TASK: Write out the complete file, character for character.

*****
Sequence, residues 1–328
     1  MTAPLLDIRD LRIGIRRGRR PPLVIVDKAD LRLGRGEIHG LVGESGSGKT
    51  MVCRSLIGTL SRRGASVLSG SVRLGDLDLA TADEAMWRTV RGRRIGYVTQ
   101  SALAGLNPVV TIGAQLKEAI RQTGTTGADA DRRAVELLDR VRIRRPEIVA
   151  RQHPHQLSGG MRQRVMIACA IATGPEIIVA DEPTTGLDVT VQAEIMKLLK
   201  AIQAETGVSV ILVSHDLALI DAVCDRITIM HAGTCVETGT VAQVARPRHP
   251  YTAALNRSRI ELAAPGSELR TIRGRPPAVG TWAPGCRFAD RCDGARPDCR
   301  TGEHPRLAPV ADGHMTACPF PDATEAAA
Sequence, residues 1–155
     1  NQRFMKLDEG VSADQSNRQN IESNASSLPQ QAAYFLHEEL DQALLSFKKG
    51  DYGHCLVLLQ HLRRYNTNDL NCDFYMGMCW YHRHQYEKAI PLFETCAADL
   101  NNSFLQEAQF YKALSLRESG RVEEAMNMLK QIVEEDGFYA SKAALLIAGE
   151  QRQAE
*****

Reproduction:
Sequence, residues 1–328
     1  MTAPLLDIRD LRIGIRRGRR PPLVIVDKAD LRLGRGEIHG LVGESGSGKT
    51  MVCRSLIGTL SRRGASVLSG SVRLGDLDLA TADEAMWRTV RGRRIGYVTQ
   101  SALAGLNPVV TIGAQLKEAI RQTGTTGADA DRRAVELLDR VRIRRPEIVA
   151  RQHPHQLSGG MRQRVMIACA IATGPEIIVA DEPTTGLDVT VQAEIMKLLK
   201  AIQAETGVSV ILVSHDLALI DAVCDRITIM HAGTCVETGT VAQVARPRHP
   251  YTAALNRSRI ELAAPGSELR TIRGRPPAVG TWAPGCRFAD RCDGARPDCR
   301  TGEHPRLAPV ADGHMTACPF PDATEAAA
Sequence, residues 1–155
     1  NQRFMKLDEG VSADQSNRQN IESNASSLPQ QAAYFLHEEL DQALLSFKKG
    51  DYGHCLVLLQ HLRRYNTNDL NCDFYMGMCW YHRHQYEKAI PLFETCAADL
   101  NNSFLQEAQF YKALSLRESG RVEEAMNMLK QIVEEDGFYA SKAALLIAGE
   151  QRQAE